- Now, take a fork and loosen the top layer of the soil. Remove the top 25% of the soil and gently take the plant out of the Pot.
- Fetch a clean pot that is 10% larger than the size of your plant. Layer the base with a few pebbles to block potting mix from draining out while watering.
- Then, half fill the Pot with the potting mix and water it. Place the cactus at the center of the Pot and fill the remaining portion with the potting mix.
- Gently press the potting mix and fill it to the brim. However, ensure to leave some space for future fertilization.
- Now, water the plant thoroughly and level it in the same environment as earlier.
5. Rare Pruning
You need not prune your Mexican Fence Post Cactus, but you need to prune it if it is affected by Mexican Fence Post Cactus problems through pests or diseases.
Aphids, Mealy Bugs, Red Spider Mites, and Soft Scales are culprits that hamper the cactus.
Dip a brush in 75% diluted isopropyl alcohol and apply it around the affected part. You can spray neem oil or other horticultural oil on the entire plant.
In case of severe infestation, you can spray synthetic insecticides and pesticides.
Besides, the overwatering and highly humid environments might cause fungal and bacterial diseases.
If you feel it mushy and limp, cut off all infected parts using sterilized pruning shears.
Apply fungicide containing copper to its roots and leave them in the air for 3-4 days before repotting them in a new potting mix.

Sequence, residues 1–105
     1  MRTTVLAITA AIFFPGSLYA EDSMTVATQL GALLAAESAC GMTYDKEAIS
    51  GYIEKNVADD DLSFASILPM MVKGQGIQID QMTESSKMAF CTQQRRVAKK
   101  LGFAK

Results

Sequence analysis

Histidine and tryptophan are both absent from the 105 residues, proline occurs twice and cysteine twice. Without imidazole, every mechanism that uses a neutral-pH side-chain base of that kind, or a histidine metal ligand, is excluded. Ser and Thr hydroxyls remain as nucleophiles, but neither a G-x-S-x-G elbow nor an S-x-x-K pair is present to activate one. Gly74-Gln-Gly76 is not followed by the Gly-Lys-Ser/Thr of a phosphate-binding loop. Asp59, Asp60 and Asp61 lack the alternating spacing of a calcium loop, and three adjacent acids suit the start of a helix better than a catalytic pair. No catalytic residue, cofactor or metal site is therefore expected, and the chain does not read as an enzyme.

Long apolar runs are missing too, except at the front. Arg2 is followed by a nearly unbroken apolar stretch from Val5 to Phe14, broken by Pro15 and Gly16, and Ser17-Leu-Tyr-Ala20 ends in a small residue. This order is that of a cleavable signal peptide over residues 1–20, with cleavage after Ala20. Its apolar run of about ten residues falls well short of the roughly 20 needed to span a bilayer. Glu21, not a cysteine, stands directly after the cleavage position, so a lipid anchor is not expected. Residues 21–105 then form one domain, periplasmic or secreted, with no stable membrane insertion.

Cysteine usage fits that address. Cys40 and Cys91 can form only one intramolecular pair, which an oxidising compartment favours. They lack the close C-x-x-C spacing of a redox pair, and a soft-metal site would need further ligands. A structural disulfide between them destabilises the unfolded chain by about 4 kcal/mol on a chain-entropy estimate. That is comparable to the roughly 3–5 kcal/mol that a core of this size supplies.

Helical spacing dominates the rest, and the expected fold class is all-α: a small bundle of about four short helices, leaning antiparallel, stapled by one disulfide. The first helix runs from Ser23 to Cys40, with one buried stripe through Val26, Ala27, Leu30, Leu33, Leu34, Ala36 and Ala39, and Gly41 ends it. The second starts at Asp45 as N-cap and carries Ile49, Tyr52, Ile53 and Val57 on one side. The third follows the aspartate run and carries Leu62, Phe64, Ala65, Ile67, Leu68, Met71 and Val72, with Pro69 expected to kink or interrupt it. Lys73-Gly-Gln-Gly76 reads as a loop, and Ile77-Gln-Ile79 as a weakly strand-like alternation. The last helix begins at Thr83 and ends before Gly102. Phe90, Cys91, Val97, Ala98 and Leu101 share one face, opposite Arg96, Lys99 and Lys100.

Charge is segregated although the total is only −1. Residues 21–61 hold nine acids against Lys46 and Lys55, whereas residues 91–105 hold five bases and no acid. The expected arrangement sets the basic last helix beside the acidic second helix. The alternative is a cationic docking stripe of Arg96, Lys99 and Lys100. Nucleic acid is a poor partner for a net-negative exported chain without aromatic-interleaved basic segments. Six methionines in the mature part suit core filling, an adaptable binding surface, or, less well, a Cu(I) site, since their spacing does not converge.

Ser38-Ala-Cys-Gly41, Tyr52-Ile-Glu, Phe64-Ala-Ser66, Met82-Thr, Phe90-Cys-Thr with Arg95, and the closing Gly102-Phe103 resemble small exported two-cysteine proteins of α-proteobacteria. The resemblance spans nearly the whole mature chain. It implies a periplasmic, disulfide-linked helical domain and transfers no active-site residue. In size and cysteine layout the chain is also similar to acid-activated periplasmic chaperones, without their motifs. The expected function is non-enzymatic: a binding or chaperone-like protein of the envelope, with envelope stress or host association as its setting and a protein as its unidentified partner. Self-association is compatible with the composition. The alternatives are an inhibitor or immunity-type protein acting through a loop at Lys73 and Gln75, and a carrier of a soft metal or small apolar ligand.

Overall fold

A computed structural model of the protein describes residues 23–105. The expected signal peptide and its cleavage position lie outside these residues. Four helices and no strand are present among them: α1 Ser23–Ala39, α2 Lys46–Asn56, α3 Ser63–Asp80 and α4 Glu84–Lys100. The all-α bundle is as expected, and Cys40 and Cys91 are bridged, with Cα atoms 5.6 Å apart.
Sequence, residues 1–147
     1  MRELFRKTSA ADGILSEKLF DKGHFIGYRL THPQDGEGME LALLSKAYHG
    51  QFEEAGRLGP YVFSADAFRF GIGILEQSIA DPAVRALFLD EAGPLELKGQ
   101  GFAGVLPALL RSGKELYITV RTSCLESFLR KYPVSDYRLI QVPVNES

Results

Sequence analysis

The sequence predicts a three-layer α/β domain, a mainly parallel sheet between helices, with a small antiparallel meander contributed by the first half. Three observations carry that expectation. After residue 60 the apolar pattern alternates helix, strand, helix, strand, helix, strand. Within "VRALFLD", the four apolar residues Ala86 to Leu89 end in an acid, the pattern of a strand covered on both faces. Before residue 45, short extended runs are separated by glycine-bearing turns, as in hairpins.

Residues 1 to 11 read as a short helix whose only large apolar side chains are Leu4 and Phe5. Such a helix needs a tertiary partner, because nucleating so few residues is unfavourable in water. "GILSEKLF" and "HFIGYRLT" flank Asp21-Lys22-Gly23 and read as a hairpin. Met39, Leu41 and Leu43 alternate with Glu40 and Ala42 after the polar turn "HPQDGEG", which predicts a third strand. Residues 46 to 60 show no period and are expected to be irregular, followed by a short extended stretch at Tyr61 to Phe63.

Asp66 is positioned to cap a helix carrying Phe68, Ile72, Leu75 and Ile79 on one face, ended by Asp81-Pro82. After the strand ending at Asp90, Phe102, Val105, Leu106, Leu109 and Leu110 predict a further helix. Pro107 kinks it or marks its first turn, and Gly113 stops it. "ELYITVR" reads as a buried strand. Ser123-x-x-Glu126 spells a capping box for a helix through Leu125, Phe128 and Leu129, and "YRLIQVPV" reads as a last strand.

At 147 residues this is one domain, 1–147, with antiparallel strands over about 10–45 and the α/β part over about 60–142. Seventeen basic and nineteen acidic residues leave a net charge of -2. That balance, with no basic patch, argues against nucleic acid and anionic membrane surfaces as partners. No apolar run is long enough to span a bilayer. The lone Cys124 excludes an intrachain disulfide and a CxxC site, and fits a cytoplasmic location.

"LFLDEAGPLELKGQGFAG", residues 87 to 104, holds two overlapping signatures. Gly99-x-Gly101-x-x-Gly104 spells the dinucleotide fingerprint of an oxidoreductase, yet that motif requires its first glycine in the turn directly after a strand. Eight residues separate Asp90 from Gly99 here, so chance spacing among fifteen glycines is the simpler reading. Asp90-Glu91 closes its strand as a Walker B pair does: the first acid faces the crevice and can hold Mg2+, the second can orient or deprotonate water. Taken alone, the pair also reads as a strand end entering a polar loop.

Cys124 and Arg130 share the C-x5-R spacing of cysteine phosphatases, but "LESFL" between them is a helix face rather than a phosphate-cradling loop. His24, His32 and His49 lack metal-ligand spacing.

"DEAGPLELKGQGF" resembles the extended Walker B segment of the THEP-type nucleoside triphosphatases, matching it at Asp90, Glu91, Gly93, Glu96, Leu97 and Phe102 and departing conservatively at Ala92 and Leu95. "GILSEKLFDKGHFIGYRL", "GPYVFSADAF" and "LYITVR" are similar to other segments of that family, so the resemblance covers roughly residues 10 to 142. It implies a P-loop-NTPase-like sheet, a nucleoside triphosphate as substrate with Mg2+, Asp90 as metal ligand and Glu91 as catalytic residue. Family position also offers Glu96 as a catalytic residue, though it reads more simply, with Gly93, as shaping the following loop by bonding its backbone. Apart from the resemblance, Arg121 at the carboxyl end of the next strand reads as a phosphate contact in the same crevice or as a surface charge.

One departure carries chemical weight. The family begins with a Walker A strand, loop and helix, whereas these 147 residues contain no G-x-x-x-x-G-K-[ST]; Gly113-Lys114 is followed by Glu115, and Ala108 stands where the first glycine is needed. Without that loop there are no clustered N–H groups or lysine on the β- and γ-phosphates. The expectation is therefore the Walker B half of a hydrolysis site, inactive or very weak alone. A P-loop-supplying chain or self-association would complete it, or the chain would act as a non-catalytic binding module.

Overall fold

Ultimately, Mexican Fence Post Cactus may need careful pruning if the impacted parts are incurable.
Tips to Prune Mexican Fence Post Cactus
- Put on thick protective gloves to protect your hand from prickling.
- Always use disinfected pruning instruments.
- Immediately prune your cactus if you see signs of infection or rot.
- You may prune its roots while repotting if they are excessively long.
Mexican Fence Post Cactus: Growth Rate
Although Mexican Fence Post is a tall cactus, it is not a fast grower.
Fence cactus can reach about 20 feet in its natural habitat, whereas, in enclosed space, it grows up to 2 feet tall.
The cactus has a columnar trunk with a main stem that reaches about 3-4 inches in diameter.
Similarly, its ribs are about 5-7 inches, and its central spine has a slightly yellowish color that reaches about 3-8 inches in diameter.
Along with the rib’s edges are the fuzzy spikes that give the cactus a stunning look.
Mexican Fence Post Cactus produces tall columnar trunks similar to a pipe organ. Since it possesses spikes and is tall, it creates fences.
Moreover, its spines are not among the large and dangerous, unlike other varieties of cacti. However, you need to be cautious so they do not poke you.
Flowering and Fruiting Habits
It produces pinkish-red tubular to bell-shaped flowers during spring and late summer. These flowers pop out of their ribs’ edges horizontally.
Once the flowers bloom, you can see them develop into fruits. It produces yellowish-red spiny fruits encapsulating black seeds within.
Besides, these fruits are edible, and birds often feast upon them. However, I do not recommend feasting upon them, although the fruits are non-toxic.
Toxicity of Mexican Fence Post
Like Bunny Ear, Pincushion Cactus, and Bluetorch cactus, Mexican Fence Post Cactus are non-toxic to humans and pets.
Instead, birds have been found feasting on their fruits without any problem.
Despite it, you must keep the cactus away from your children and pets. It is not safe, and the tiny spikes might injure your children.
The spikes are dangerous to eyes and skin penetration.
Thus, I advise you to keep it away from the reach of children and pets.
Propagation Methods for Mexican Fence Post Cactus
You can propagate Mexican Fence Post Cactus either by asexual or sexual methods.
The asexual method involves propagation via vegetative parts. You can obtain identical clones or offsets by this method.